Hebrew language and literature

Comparing translations

After completing a cycle of Torah with Targum Onkelos, this year I am going to try to complete a cycle with Peshitta and Septuagint as well, or 𝕾 and 𝕲, as BHS refers to them. Here is something I noticed in Genesis chapter 1:

In  verse 11 God commands the creation of trees:

וַיֹּאמֶר אֱלֹהִים תַּדְשֵׁא הָאָרֶץ דֶּשֶׁא עֵשֶׂב מַזְרִיעַ זֶרַע עֵץ פְּרִי עֹשֶׂה פְּרִי לְמִינוֹ אֲשֶׁר זַרְעוֹ־בוֹ עַל-הָאָרֶץ וַיְהִי־כֵן

And in verse 12 the command is fulfilled:

וַתּוֹצֵא הָאָרֶץ דֶּשֶׁא עֵשֶׂב מַזְרִיעַ זֶרַע לְמִינֵהוּ וְעֵץ עֹשֶׂה־פְּרִי אֲשֶׁר זַרְעוֹ־בוֹ לְמִינֵהוּ וַיַּרְא אֱלֹהִים כִּי-טוֹב

Here are the two verses in English (old JPS translation):

And God said: ‘Let the earth put forth grass, herb yielding seed, and fruit-tree bearing fruit after its kind, wherein is the seed thereof, upon the earth.’ And it was so. And the earth brought forth grass, herb yielding seed after its kind, and tree bearing fruit, wherein is the seed thereof, after its kind; and God saw that it was good.

Note the difference between the two verses that I have highlighted. This is picked up by the Midrash (Bereshit Rabba 5:9) as no mere verbal variation but as an incomplete fulfillment of God’s command by the earth, an original sin even earlier than Adam and Eve’s (explaining why the earth is also cursed in 3:17): God intended the trees to be literally “fruit trees” where even the tree itself was edible, but they only became fruit-bearing.

In the Septuagint the phrase is the same in both verses:

καὶ εἶπεν ὁ Θεός· βλαστησάτω ἡ γῆ … ξύλον κάρπιμον ποιοῦν καρπόν … καὶ ἐξήνεγκεν ἡ γῆ … ξύλον κάρπιμον ποιοῦν καρπόν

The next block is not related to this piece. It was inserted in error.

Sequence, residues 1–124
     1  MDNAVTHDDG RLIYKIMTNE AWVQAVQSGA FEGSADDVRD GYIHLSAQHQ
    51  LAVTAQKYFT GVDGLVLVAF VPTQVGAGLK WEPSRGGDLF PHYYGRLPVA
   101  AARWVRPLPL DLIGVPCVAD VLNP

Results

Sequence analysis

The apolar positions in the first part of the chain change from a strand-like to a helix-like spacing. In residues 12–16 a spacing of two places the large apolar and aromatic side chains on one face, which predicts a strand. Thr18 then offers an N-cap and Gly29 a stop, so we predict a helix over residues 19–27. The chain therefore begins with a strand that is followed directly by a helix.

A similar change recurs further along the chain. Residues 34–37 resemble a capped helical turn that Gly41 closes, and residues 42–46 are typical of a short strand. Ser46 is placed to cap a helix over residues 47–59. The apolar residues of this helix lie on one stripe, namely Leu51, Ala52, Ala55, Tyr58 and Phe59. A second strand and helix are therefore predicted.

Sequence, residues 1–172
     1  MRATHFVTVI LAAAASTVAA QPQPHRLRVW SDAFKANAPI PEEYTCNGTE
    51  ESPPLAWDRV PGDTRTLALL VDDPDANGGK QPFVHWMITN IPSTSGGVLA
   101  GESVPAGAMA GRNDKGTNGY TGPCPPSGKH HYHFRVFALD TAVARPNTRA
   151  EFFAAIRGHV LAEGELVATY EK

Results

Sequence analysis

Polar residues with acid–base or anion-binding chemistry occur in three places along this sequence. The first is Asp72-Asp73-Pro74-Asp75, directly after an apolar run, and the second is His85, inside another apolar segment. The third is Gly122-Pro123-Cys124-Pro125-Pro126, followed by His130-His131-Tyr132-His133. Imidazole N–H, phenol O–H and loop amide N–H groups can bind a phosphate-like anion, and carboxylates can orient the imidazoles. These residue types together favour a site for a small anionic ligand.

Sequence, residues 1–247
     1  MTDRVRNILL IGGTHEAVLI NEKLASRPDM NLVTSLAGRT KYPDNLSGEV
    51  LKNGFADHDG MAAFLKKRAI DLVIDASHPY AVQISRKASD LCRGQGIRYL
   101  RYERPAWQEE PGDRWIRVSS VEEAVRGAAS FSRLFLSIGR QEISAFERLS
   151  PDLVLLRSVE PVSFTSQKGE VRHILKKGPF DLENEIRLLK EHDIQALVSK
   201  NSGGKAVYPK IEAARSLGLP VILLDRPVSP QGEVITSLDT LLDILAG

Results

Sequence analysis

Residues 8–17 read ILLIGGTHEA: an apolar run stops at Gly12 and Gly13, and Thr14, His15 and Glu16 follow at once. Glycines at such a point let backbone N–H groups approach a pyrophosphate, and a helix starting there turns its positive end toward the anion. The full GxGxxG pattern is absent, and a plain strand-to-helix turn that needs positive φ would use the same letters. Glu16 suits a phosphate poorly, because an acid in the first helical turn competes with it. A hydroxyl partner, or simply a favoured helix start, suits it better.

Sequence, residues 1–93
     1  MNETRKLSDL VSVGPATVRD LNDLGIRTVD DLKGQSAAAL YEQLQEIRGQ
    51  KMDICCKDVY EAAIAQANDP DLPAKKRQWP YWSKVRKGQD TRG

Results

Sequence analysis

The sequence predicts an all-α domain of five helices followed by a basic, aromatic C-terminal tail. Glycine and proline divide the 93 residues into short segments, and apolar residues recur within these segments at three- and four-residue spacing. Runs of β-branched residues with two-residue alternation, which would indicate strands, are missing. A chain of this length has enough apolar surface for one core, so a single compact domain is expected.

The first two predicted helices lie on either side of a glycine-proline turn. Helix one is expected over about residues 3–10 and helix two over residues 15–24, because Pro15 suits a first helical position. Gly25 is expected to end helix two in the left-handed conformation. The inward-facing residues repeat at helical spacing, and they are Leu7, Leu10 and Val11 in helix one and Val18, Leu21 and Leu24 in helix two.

Rather to my surprise, neither BHK nor BHS mentions this as a variant reading. It could be just a harmonization by the translator, but it could also be a genuine variant text.

I checked The Biblical Qumran Scrolls: Transcriptions and Textual Variants, ed. Eugene Ulrich; (Brill, Leiden, 2010), and there is no corresponding variant listed there, but he does mention in the apparatus that it also appears in the old Latin version, Targum Neofiti and the Targum attributed to Jonathan.

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מעיד על עצמו

This is the title page of the Pentateuch in the British Foreign and Bible Society edition of the Hebrew bible:

חמישה חומשי תורה מדויקיס על צד היותר טוב על פי המסורה

Hebrew language and literature

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The Rabbis and Environmentalism

Jim Davila was wondering whether the following quotation from Anglican minister Martin Palmer was really Talmudic:

“The Talmud says that the angels went to God and said, ‘You just created this wonderful world and now you’ve created these human beings who will only go and mess it up. Are you start staring mad?’ And God says, ‘I know what I’m doing. I know what I’m doing.’ And then the earth spoke, and the earth was afraid. And the earth said, ‘These creatures, they will only rebel against me and harm me.’ And God answers, ‘I promise you that they will never be allowed to destroy you.'”